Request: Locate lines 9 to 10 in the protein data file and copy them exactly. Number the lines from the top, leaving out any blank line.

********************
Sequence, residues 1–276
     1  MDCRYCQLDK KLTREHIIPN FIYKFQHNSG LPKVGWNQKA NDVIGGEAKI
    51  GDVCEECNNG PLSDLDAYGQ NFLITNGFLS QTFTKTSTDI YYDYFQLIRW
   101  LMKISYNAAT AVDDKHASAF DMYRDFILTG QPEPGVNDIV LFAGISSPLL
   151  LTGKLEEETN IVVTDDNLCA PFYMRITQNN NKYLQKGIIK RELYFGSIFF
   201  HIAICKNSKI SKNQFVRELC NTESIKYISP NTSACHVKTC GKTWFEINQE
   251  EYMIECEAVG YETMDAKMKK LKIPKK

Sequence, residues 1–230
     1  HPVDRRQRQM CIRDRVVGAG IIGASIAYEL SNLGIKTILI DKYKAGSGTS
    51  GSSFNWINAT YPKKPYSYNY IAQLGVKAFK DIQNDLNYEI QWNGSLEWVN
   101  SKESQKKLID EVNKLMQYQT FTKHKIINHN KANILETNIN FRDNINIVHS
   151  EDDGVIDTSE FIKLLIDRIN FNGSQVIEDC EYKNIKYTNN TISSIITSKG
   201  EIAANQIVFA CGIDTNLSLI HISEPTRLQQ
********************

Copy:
     1  HPVDRRQRQM CIRDRVVGAG IIGASIAYEL SNLGIKTILI DKYKAGSGTS
    51  GSSFNWINAT YPKKPYSYNY IAQLGVKAFK DIQNDLNYEI QWNGSLEWVN